The first same-sex weddings have taken place after gay marriage became legal in England and Wales at midnight.
Politicians from the main parties have hailed the change in the law.
David Cameron said the move sent a message that people were now equal “whether gay or straight”, but some religious groups remain opposed.
Scotland passed a similar law in February; the first same-sex marriages are expected there in October. Northern Ireland has no plans to follow suit.
In an article for the Pink News website, the prime minister wrote: “This weekend is an important moment for our country.
“It says we are a country that will continue to honour its proud traditions of respect, tolerance and equal worth.”
The law change would encourage young people unsure of their sexuality, he added.
Later on Saturday morning, Mr Cameron tweeted: “Congratulations to the gay couples who have already been married – and my best wishes to those about to be on this historic day.”
Liberal Democrat leader Nick Clegg said “Britain will be a different place” as a result.
Every wedding has a photographer but this one had hundreds.
Outside Islington Town Hall, well-wishers stopped in the street to point their smartphones while TV crews fought for the best views.
As the loving couple appeared on the steps, crowds cheered and even sang the tune to Here Comes The Bride – ironic perhaps, since this was a gay wedding with two grooms. Peter McGraith and David Cabreza are one of the first same-sex couples to marry in England and Wales.
The law, passed in Parliament last year, came into effect today. And for some who have campaigned for years, the waiting was over. As the clock ticked past midnight, registrars started speaking, rings were exchanged and the confetti flew.
Not everyone is taken by the idea though. Some politicians and religious leaders still oppose the change. And in Islington, as the two grooms beamed giant smiles, they reminded their guests that the battle for equality is still ongoing.
He congratulated his party for being part of the reform, saying: “If our change to the law means a single young man or young woman who wants to come out, but who is scared of what the world will say, now feels safer, stronger, taller – well, for me, getting into coalition government will have been worth it just for that.”
Labour leader Ed Miliband congratulated those planning to tie the knot.
“This is an incredibly happy time for so many gay couples and lesbian couples who will be getting married, but it’s an incredibly proud time for our country as well, recognising equal marriage in law,” he said.
However, he warned that the “battle for true equality” was not yet won.
One of the first couples to take advantage of the law change were married at Islington Town Hall in London just after midnight.
Human rights campaigner Peter Tatchell acted as chief witness at a packed ceremony as Peter McGraith and David Cabreza wed after 17 years together.
Mr Tatchell said the couple and all the others getting married had “made history” and “made Britain a more tolerant, equal place”.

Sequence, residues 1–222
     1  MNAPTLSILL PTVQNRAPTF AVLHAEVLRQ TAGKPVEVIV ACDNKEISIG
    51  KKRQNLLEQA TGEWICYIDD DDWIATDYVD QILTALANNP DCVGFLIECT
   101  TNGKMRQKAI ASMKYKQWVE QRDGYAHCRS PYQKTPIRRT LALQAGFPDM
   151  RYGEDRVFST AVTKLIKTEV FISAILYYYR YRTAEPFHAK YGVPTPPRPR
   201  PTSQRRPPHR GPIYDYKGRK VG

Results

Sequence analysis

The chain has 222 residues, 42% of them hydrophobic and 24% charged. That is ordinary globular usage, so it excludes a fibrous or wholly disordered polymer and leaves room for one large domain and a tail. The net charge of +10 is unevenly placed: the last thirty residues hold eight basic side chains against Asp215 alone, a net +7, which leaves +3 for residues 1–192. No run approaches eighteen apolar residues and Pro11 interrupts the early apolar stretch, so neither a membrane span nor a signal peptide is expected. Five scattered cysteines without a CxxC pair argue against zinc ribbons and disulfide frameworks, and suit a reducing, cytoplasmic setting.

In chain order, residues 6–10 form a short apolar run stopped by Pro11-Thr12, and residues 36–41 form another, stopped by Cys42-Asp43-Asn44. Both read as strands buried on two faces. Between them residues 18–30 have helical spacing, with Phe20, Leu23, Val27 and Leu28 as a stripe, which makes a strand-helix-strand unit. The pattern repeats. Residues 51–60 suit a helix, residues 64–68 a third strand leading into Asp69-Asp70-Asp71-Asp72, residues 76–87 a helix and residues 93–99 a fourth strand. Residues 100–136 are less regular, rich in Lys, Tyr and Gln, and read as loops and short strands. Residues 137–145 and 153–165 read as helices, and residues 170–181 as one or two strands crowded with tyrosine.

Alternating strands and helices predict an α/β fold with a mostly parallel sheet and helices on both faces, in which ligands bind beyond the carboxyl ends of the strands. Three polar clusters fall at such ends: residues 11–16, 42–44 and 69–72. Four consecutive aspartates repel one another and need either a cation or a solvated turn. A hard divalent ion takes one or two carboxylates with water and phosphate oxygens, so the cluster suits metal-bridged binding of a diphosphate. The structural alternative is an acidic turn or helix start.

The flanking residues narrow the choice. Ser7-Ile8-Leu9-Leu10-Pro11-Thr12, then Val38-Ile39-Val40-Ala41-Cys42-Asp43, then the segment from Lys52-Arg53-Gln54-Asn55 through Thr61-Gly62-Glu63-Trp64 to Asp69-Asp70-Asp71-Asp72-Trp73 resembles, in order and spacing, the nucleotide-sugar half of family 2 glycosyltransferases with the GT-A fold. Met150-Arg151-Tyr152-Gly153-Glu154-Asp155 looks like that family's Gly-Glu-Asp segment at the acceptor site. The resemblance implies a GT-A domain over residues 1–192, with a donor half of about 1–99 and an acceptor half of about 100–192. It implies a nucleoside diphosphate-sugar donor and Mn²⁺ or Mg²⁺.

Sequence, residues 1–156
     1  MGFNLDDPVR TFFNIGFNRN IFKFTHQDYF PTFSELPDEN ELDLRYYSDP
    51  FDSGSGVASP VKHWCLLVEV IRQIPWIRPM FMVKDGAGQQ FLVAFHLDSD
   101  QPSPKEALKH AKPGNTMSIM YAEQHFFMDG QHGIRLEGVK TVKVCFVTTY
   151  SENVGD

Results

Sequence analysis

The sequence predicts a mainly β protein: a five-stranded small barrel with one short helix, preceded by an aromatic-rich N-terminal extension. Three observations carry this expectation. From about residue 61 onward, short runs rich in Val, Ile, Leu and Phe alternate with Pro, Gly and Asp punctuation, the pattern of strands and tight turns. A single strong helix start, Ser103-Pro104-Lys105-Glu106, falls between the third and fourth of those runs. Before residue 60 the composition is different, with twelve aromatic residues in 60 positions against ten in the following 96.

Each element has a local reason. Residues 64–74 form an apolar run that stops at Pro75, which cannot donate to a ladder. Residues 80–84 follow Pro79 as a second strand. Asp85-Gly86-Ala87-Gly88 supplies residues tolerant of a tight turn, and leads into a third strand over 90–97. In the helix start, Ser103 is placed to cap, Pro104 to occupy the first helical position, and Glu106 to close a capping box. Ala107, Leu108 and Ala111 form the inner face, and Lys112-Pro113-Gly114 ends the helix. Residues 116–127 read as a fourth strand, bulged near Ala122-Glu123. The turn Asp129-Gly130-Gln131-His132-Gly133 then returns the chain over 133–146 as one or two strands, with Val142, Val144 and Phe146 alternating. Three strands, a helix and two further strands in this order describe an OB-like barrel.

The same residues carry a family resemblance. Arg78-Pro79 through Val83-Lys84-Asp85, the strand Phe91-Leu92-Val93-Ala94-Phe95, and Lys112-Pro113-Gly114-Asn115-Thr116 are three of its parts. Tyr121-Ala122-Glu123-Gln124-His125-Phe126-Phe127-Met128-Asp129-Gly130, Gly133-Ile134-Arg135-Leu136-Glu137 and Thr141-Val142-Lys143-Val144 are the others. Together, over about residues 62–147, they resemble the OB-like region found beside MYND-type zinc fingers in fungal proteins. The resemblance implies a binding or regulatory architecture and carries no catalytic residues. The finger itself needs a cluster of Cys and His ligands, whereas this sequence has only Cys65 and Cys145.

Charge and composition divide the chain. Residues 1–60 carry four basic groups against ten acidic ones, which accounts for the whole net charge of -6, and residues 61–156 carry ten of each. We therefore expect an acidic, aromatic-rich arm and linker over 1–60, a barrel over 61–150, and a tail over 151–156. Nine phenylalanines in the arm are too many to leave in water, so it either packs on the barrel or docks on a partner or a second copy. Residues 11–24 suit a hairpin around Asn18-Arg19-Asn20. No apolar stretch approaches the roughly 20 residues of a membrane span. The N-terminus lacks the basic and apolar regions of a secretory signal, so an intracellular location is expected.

With a crowd of photographers, journalists and well-wishers waiting, the couple took the opportunity to highlight the international struggle for gay rights.
But Mr Cabreza added: “From a global and political perspective it’s great too, but for us it’s also about us and our marriage.”
Archbishop of Canterbury Justin Welby said on Friday night the Church of England would now drop its opposition to same-sex marriage, as Parliament had spoken.
“The law’s changed; we accept the situation,” he told the BBC.
But some religious groups remain opposed to gay marriage.
Andrea Williams, chief executive of Christian Concern, said: “We can’t just redefine an institution – redefine something that always has been – because we say it’s something that we want.
“This is actually very self-centred. This is not about rights, it’s about seeking cultural dominance and seeking to redefine marriage for all of us.”
There will now be two legal definitions of marriage, says the BBC’s social affairs correspondent Reeta Chakrabarti – that recognised by the CofE and many other religious groups, and that recognised by the state.
“The Church of England believes marriage is between one man and one woman for life,” the Bishop of Norwich, the Right Reverend Graham James confirmed.
“It’s untidy for the law to have two definitions… but I think we can live with untidiness.”
The law prohibits the Church of England from performing same-sex weddings, and allows other religious organisations to refuse to perform them.
The CofE has urged clergy to support members of the congregation who are in same-sex marriages, but has ruled that priests themselves must not enter into one. The Roman Catholic Church opposes the change in the law.
Some gay vicars, though, have said they are prepared to defy their bishops by insisting they have a right to marry.
Among them is the Reverend Andrew Cain, who said the Church was entering uncharted territory, but he would not be “frightened” out of doing what he believed was right.
Mr Cain, who plans to marry his partner in the summer, said he would do so whether the Church approved or not.
“It is more important to do what is right than to be frightened into not doing what I believe to be true.
“And I won’t be frightened by what the possible consequences are for me. I could lose my job, absolutely. Lose my job, my home and my place.”
According to a BBC survey, a fifth of British people would turn down an invitation to a same-sex wedding – a finding the Roman Catholic group Catholic Voices suggested meant people remained “deeply uncomfortable” with the move.